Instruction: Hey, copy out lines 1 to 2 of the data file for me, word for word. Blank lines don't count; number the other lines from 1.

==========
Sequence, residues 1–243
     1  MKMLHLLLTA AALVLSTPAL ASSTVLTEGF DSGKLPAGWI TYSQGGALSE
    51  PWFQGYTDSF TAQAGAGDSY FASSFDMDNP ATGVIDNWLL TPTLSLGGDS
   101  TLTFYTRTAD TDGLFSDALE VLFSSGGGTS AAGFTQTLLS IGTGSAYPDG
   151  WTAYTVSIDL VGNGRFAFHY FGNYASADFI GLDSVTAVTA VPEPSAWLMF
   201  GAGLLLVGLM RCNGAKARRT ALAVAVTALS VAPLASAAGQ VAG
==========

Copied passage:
Sequence, residues 1–243
     1  MKMLHLLLTA AALVLSTPAL ASSTVLTEGF DSGKLPAGWI TYSQGGALSE